Created by Jonathan Nolan and Lisa Joy Nolan
Premieres Sun, Oct 02 at 9:00 PM on HBO
Four episodes watched for review
“Have you ever questioned the nature of your reality?”
Michael Crichton’s 1973 film Westworld was a primer for the author’s Jurassic Park: the tale of an amusement park run amuck. Crichton’s take on the material didn’t go much deeper beyond his usual schtick: technology turning on the people who created it. Jonathan Nolan and Lisa Joy Nolan have taken Crichton’s idea and greatly expanded it with HBO’s new Westworld, creating an intelligent, brutal and risky bit of pop-entertainment that’s all but guaranteed to keep viewers coming back on a weekly basis.
The set-up is similar to Crichton’s film: problems arise at a sprawling Old West-themed amusement park populated with life-life androids. While Crichton’s film was told from the point of few of the hapless humans who get stuck in the park when the androids malfunction, HBO’s Westworld is told from the point of view of the robotic characters that populate the park. Referred to as “Hosts”, they’re clueless creations that think their lives are in their own hands. They’re also prone to suffering the brutal attacks of the “Visitors”, aka the wealthy humans who pay to visit the park and live out a live-action version of Red Dead Redemption. In Westworld, you can kill or screw anyone you want, provided they’re an oblivious robot. And when a robot gets “killed”, the park staff fix them up and wipe their memories, and send them back out into the world, as if they were stuck in a terrible loop like Groundhog Day or Edge of Tomorrow.
But what would happen if those robots suddenly started gaining awareness of their situation? What would happen if they started remembering all the times they’d been killed and resurrected again? This scenario gives the Nolans plenty of room to explore existential questions galore, and have a little fun doing it. Although your mileage may vary in regards to how “fun” you think Westworld is. Indeed, one of the flaws of the show is its insistence on being almost unrelentingly cruel. Sure, the show is trying to establish how hellish life is for the robotic residents, but there are times one gets the sense that HBO brass sent down memos insisting the show emulate Game of Thrones and go hard on the violence and cruelty. It gets to be exhausting after a while.
The premiere episode of Westworld is perhaps the clunkiest, and understandably so. The Nolans are setting up their entire world and the vast cast of characters that inhabit it. The action jumps frequently from Westworld to the behind-the-scenes control headquarters where scientists and engineers keep watch. Sandwiched in between all that is a lot of exposition; almost a numbing amount of it. But once Westworld sets the pieces up on its board it proceeds to find the right rhythm to let the game play out.
The show is stuffed with strong actors who are given plenty of room to breathe to create complex characters. Jeffrey Wright, calm and level-headed, is a weary engineer who suspects something is amiss in Westworld but is hesitant to let the cat out of the bag. Anthony Hopkins, icy cool and soft-spoken, is the eccentric owner of the park, who is up to something and may or may not be going insane. Thandie Newton is a robot prostitute in the park slowly becoming aware of her situation. Ed Harris is the mysterious, sadistic Man in Black who has his own secret agenda. There are more — a lot more — people and robots at play here. But the center of it all is the android Dolores, played to perfection by Evan Rachel Wood. Wood is so good here it’s almost scary; her Dolores is required to run through a gamut of emotions, from terrified hysteria to cold analytical explanation, and Wood nails them all and then some. Dolores is the character here who seems most alive — ironic, since technically she isn’t. But Wood brings such a compelling humanity to her inhumane character that it’s impossible to not get pulled into her orbit. She’s like the Final Girl in a slasher film; the one we most want to survive and get away.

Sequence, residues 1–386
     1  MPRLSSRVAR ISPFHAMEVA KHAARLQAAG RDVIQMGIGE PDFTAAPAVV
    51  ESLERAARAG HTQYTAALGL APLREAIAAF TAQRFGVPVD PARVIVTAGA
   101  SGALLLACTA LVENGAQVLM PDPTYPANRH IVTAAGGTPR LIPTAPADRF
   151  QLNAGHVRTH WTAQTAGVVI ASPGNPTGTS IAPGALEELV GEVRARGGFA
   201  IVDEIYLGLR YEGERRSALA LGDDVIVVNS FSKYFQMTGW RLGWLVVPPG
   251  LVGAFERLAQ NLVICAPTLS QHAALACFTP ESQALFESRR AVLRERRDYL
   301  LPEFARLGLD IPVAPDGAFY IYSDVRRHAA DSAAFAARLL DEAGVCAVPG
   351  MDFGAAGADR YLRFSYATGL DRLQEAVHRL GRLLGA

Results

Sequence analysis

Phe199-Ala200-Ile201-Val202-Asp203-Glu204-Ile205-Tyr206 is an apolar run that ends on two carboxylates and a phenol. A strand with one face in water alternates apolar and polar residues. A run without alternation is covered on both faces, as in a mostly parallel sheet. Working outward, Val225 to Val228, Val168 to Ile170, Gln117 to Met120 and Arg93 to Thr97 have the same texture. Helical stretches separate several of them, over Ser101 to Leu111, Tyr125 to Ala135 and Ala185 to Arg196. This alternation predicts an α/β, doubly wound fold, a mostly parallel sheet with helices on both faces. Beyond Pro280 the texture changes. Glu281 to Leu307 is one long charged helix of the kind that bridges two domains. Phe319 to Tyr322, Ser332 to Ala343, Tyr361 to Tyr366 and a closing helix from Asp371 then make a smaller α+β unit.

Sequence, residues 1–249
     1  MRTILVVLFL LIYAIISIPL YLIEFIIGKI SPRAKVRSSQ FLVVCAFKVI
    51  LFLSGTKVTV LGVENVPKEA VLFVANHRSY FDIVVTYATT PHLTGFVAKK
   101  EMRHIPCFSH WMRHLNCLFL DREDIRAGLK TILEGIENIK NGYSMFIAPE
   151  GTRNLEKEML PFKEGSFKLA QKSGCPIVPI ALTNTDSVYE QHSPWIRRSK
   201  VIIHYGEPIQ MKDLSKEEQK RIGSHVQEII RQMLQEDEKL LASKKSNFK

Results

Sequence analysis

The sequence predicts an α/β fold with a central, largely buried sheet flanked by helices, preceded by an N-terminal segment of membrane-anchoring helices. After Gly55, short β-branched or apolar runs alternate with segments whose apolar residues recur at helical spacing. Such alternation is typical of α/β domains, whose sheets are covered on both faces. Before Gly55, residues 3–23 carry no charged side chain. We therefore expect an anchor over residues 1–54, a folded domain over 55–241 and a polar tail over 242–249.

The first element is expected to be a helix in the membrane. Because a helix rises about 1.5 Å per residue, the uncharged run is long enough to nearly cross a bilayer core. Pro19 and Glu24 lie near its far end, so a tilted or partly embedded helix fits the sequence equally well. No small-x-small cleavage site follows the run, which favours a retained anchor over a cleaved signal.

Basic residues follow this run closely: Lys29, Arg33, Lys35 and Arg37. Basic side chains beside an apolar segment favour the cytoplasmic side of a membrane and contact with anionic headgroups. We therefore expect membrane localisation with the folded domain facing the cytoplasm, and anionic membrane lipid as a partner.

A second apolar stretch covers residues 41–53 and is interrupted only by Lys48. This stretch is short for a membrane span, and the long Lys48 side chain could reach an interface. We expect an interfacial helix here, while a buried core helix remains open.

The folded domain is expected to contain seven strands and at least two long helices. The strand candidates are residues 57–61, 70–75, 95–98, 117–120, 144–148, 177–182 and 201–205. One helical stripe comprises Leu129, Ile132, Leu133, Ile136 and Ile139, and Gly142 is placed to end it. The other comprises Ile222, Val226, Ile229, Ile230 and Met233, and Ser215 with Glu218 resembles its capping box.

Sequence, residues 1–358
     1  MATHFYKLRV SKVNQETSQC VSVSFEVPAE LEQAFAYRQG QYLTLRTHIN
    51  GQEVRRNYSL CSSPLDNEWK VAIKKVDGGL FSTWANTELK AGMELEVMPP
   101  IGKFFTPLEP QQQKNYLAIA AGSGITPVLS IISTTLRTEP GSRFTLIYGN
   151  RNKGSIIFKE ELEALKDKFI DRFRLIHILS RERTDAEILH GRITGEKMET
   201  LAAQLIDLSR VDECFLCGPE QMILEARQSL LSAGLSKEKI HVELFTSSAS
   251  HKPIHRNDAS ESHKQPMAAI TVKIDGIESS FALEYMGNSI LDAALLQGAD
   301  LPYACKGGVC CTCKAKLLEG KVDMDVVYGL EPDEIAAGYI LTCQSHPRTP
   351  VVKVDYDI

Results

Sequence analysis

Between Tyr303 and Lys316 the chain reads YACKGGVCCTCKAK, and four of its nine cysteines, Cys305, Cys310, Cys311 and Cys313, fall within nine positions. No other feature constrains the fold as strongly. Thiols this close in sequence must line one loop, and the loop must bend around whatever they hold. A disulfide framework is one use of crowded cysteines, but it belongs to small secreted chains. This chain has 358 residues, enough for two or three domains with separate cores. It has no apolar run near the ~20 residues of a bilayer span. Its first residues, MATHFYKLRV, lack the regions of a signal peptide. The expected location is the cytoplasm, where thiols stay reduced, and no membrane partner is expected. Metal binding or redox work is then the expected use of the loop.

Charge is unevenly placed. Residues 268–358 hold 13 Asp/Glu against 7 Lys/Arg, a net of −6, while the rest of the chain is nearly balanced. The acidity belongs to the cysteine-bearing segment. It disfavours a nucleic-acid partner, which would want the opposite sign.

It’s difficult to gauge how Westworld can sustain multiple seasons with its premise. There’s a lopsided balance at times, where the events in the park aren’t nearly as interesting as the events going on behind-the-scenes. Hiccups like this aside, the show is at times a wonder to behold. The world-building at play here is fascinating, as is the overall look of the show — a mix of cold, sterile laboratories and vast, sweeping vistas. Westworld may take some time to hit its stride, but the show is off to a strong, almost wonderful, start. The psychology at play here isn’t very deep when you get down to it, but at least this is a show willing to ask questions of its audience, and have them ask questions in return. Westworld probably won’t be the next Game of Thrones for audiences, but don’t be surprised if it builds up its own rabid following.